Agricultural Law Netletter Aug 14th 2017

Issue 377

Issues added on the 7th and 21st of every month.


The British Columbia Court of Appeal has issued a decision setting limits on when unpaid labour contributed by farm children to their parents may constitute grounds for an unjust enrichment claim. Four farm children had provided significant uncompensated labour to their parents when they worked on their parents' dairy farm in their teenage years, with a vague promise that some day it would be theirs. The parents later gifted their interest in the corporate family dairy farm (now valued at over $12 million) to one of the 4 children and left the remaining 3 children with preferred shares in the dairy farm which had a total estimated value of approximately $900,000.00. The Court concluded that public policy provided a "juristic reason" for denying compensation to children who were required to do chores, unless the chores could be characterized as exploitative. The Court suggested that exploitation might be established by economic benefits provided to parents that are gross disproportionate to the benefits received by children as members of the family, or if the work is manifestly detrimental to the health or well-being of the children. The Court also considered the "value received" and the "value survived" approaches for assessing unjust enrichment damages. The Court of Appeal set aside a trial judgment which awarded each of the 3 children $350,000.00 in damages (less the value of the preferred shares), and concluded that the amount of the damage claim was not warranted, in any event. (McDonald v. McDonald Estate, CALN/2017- 053, [2017] B.C.J. No. 1352, British Columbia Court of Appeal)



Full text: [2017] B.C.J. No. 1352;

2017 BCCA 255,

British Columbia Court of Appeal,

Unjust enrichment -- Value of Work Done by Farm Children.

Sylvia McDonald ("Sylvia") and Sylvia McDonald as Executor of the Estate of Samuel

Alexander McDonald ("Samuel" and the "McDonalds") appealed to the British Columbia Court of Appeal from a Supreme Court trial decision which awarded 3 of the McDonalds' children - Brian, Dean and Julie McDonald ("Brian", "Dean" and "Julie") judgments of

$350,000.00 each for work they had done on the McDonalds' dairy farm while they were teenagers.

The McDonald family had operated a dairy farm on Nicomen Island, near Mission, British Columbia since the 1860's. Samuel took over the farm's operations in the 1940's with the hope that he would ultimately acquire title. He made payments to his surviving siblings to compensate them for the loss of an opportunity to acquire the farm. In 1958, Samuel married Sylvia, who had lived on a neighbouring farm.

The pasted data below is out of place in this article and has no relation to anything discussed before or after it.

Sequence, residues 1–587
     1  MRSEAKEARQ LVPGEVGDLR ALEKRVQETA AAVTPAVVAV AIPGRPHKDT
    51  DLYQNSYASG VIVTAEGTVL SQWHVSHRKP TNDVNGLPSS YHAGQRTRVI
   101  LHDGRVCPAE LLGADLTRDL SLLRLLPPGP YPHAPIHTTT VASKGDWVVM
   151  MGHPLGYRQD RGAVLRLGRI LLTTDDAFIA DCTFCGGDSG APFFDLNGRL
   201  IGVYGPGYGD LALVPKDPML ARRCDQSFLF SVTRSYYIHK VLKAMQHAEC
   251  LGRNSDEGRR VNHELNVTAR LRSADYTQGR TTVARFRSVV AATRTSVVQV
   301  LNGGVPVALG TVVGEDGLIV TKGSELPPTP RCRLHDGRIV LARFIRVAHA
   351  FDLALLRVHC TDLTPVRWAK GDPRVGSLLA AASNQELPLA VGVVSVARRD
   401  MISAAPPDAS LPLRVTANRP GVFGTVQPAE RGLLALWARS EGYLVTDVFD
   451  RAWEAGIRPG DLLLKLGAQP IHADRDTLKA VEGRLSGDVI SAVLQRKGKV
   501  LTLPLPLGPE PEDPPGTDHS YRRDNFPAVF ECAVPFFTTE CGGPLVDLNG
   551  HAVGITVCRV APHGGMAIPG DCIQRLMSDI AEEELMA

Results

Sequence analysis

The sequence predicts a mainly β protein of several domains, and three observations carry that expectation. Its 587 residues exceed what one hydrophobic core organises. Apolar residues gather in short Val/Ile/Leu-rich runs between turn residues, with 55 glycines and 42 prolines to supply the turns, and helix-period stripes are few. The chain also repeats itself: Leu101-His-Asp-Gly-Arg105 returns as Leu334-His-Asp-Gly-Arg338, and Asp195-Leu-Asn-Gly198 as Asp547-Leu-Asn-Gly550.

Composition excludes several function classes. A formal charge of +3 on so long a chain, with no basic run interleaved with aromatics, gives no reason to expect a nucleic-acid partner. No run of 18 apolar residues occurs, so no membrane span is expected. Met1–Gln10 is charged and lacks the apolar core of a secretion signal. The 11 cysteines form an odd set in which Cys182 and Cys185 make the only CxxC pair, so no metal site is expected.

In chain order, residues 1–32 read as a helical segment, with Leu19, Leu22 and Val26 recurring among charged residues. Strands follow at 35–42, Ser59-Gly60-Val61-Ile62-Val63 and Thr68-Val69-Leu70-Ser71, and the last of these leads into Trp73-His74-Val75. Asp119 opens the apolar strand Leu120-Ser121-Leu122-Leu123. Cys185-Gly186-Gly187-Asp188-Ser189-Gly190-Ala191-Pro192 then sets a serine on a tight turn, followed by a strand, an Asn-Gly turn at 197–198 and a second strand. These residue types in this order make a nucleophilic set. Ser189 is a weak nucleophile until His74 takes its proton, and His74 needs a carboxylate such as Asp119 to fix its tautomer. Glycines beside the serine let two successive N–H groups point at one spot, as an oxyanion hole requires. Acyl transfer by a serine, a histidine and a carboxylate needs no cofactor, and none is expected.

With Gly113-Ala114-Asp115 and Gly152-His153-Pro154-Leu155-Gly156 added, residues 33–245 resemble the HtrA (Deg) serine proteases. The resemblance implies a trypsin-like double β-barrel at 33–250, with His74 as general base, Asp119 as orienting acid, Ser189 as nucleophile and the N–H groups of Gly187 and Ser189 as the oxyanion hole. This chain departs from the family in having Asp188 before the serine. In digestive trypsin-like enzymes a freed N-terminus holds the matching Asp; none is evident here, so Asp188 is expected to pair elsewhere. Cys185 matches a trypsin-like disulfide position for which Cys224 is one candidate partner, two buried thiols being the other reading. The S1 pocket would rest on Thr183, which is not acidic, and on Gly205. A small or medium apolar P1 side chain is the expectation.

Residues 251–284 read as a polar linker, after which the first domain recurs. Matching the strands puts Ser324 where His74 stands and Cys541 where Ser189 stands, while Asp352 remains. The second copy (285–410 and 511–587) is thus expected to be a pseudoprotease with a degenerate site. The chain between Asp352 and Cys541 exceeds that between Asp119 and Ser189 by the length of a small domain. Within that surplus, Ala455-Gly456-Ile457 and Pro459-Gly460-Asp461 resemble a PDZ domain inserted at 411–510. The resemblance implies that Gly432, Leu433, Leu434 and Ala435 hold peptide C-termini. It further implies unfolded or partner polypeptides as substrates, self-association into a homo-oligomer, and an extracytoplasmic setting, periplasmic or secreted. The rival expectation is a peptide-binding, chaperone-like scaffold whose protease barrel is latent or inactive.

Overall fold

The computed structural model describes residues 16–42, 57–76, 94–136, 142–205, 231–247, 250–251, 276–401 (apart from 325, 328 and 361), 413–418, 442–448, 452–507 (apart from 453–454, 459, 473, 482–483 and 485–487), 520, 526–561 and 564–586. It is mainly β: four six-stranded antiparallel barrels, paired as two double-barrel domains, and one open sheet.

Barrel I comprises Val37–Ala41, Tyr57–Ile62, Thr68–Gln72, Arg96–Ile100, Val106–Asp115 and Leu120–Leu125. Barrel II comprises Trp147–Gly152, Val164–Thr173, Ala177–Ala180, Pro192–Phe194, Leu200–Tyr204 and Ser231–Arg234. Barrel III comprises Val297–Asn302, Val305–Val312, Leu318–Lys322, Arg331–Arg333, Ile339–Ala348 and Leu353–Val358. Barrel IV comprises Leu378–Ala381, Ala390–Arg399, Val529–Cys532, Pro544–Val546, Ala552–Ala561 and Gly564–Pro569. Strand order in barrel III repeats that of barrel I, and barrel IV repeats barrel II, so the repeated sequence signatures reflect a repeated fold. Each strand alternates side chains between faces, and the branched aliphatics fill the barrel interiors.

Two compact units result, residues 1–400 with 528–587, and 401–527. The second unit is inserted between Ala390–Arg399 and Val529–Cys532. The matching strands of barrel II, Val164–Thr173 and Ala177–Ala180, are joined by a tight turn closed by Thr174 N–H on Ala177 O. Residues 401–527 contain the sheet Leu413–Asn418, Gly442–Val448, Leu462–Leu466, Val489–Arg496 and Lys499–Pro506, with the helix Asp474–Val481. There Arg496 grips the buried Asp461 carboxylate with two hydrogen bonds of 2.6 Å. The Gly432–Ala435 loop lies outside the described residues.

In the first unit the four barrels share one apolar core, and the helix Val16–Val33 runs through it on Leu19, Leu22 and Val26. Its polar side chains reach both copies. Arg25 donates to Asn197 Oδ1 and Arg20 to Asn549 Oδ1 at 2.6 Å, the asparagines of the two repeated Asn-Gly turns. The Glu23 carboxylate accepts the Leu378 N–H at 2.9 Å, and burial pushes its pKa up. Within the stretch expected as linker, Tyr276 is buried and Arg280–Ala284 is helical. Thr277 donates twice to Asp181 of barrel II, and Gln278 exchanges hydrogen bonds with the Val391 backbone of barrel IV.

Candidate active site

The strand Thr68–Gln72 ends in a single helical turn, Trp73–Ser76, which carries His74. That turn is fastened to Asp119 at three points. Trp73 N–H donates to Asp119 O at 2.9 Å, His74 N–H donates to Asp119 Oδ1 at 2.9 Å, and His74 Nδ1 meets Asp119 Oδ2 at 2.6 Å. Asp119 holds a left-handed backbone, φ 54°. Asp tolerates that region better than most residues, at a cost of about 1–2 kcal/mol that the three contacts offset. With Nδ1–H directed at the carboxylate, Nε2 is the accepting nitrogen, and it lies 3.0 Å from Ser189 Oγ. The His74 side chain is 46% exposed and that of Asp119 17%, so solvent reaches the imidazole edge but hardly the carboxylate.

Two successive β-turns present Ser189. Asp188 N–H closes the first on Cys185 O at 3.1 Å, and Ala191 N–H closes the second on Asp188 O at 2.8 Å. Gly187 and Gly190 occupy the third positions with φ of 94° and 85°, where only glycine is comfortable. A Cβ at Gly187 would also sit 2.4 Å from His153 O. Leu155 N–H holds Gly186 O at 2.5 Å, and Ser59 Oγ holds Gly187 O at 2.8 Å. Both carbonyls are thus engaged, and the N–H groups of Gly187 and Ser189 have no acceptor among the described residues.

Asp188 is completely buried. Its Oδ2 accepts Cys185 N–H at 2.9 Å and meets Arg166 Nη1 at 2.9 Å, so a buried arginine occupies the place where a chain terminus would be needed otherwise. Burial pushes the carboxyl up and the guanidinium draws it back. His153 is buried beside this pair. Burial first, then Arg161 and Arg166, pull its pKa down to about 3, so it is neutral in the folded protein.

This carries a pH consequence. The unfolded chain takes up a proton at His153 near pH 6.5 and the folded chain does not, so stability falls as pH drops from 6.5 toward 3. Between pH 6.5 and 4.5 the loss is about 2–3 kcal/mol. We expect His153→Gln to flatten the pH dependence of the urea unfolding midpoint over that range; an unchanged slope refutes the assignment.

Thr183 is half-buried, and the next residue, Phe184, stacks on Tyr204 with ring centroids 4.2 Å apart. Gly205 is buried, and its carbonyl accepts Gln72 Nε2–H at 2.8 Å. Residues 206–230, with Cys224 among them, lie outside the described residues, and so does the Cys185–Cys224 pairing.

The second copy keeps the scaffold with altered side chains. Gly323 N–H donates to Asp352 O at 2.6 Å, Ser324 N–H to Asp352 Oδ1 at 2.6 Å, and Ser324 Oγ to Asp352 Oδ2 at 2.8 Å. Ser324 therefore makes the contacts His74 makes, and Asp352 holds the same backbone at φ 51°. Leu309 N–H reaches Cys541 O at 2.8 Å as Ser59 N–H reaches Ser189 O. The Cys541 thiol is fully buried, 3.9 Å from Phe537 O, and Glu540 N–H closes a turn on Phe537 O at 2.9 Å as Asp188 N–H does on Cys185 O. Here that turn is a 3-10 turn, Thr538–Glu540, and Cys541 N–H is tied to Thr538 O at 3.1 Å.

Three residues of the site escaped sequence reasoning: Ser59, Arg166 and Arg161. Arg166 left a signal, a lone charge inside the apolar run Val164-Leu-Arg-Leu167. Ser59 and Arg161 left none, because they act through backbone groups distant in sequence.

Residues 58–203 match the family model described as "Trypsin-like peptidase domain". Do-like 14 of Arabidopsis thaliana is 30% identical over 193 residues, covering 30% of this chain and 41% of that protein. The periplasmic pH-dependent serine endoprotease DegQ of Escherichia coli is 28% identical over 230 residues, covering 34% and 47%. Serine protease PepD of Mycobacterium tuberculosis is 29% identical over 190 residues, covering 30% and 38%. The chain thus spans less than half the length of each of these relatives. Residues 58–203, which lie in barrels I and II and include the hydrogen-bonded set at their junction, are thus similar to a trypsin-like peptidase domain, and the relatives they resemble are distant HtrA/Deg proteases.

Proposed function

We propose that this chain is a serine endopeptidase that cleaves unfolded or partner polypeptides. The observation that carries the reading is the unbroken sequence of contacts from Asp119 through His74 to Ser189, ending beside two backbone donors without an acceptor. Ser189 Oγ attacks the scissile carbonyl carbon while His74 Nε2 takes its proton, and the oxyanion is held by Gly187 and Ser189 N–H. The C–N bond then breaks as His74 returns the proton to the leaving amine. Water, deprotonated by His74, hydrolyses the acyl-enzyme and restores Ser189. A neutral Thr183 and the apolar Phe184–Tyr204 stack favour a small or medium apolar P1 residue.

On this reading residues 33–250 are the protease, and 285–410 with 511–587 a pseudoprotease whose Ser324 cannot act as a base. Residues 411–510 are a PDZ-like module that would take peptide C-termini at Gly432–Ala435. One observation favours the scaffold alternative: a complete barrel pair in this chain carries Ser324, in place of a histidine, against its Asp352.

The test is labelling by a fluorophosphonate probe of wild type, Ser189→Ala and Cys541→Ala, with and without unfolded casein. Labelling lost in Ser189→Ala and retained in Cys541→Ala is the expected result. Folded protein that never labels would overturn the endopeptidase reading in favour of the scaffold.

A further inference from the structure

Between 1959 and 1965 Samuel and Sylvia had 4 children - Julie, Brian, Dean and Robert McDonald.

In 1968, Samuel and Sylvia acquired a nearby 30 acre parcel which had been owned by Sylvia's mother.

In 1974, Samuel's mother transferred title to the dairy farm, which was then 100 acres, to Samuel and Sylvia.

In 1983 Samuel and Sylvia incorporated McDonald Landing Farms Ltd. They transferred all of their assets to the company except for a 15% interest in the 100 acre farm which they continued to own personally. In exchange they received preferred shares with a redemption value of $907,000.00 and indebtedness by way of shareholders' loans of $300,000.00. Samuel and Sylvia continued to hold the common shares in the company.

The dairy farm was modernized by the construction of a new milking parlour in 1987 which was financed, in part, by $35,000.00 loans from Brian, Robert and Dean which they had obtained as an inheritance from Sylvia's mother. These loans were eventually repaid. The farm expanded in 1989, and again in 1996 with the acquisition of the farm on which Sylvia had grown up.

In 1986 Samuel and Sylvia prepared Wills. They wished to ensure that the family farm survived and for this purpose they left it to Robert. Their Wills provided that on the death of the survivor, the preferred shares would be divided equally between Julie, Brian and Dean who could redeem these shares over a period of time. The residue of the Estate (including the common shares and the 15% interest in the 100 acre parcel) were bequeathed to Robert.


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